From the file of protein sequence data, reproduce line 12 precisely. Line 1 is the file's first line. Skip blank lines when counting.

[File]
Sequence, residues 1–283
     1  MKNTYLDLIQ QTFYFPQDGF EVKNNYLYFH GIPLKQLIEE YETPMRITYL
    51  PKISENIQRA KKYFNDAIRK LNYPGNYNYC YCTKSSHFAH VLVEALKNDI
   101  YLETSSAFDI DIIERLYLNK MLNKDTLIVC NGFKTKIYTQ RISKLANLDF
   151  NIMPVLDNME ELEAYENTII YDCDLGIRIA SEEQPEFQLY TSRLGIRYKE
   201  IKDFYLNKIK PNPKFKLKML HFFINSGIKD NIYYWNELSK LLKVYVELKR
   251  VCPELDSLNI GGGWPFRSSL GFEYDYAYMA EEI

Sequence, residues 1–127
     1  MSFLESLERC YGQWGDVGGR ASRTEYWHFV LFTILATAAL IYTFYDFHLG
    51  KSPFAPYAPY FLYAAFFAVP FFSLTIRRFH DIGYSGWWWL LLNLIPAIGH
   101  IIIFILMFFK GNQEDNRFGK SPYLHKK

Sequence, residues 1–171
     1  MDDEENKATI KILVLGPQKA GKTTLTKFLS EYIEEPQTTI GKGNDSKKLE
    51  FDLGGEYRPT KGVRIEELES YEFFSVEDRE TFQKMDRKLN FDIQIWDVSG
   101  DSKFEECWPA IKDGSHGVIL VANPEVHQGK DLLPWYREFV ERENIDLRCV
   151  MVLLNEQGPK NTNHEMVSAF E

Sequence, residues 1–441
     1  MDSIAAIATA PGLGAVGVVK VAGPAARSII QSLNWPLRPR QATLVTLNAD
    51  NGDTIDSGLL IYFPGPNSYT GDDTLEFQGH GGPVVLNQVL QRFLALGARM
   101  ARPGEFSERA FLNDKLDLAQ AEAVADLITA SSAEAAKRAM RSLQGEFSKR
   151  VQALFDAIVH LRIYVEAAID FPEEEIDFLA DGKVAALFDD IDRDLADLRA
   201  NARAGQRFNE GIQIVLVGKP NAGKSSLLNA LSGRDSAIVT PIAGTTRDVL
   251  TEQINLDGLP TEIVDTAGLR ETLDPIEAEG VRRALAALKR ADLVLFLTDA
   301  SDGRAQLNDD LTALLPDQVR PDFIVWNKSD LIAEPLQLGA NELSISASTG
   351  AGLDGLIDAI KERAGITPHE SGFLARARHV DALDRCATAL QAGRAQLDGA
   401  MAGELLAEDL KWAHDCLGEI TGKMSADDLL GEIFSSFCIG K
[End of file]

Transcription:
Sequence, residues 1–171